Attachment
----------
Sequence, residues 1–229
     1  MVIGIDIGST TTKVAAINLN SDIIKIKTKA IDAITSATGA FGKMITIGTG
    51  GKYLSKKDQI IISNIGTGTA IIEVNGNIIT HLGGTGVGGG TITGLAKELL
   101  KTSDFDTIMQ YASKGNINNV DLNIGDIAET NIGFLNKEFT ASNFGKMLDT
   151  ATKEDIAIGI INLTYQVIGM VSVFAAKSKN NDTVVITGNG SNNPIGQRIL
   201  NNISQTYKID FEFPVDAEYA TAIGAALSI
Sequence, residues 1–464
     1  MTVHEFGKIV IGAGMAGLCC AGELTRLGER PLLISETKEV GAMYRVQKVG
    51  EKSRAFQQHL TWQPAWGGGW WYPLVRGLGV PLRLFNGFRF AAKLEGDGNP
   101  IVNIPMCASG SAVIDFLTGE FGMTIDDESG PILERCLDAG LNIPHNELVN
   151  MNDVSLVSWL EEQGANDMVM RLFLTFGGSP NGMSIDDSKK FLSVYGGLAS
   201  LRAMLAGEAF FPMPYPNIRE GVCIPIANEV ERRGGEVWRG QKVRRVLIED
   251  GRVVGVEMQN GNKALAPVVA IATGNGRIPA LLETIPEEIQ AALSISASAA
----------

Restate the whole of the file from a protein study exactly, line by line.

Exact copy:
Sequence, residues 1–229
     1  MVIGIDIGST TTKVAAINLN SDIIKIKTKA IDAITSATGA FGKMITIGTG
    51  GKYLSKKDQI IISNIGTGTA IIEVNGNIIT HLGGTGVGGG TITGLAKELL
   101  KTSDFDTIMQ YASKGNINNV DLNIGDIAET NIGFLNKEFT ASNFGKMLDT
   151  ATKEDIAIGI INLTYQVIGM VSVFAAKSKN NDTVVITGNG SNNPIGQRIL
   201  NNISQTYKID FEFPVDAEYA TAIGAALSI
Sequence, residues 1–464
     1  MTVHEFGKIV IGAGMAGLCC AGELTRLGER PLLISETKEV GAMYRVQKVG
    51  EKSRAFQQHL TWQPAWGGGW WYPLVRGLGV PLRLFNGFRF AAKLEGDGNP
   101  IVNIPMCASG SAVIDFLTGE FGMTIDDESG PILERCLDAG LNIPHNELVN
   151  MNDVSLVSWL EEQGANDMVM RLFLTFGGSP NGMSIDDSKK FLSVYGGLAS
   201  LRAMLAGEAF FPMPYPNIRE GVCIPIANEV ERRGGEVWRG QKVRRVLIED
   251  GRVVGVEMQN GNKALAPVVA IATGNGRIPA LLETIPEEIQ AALSISASAA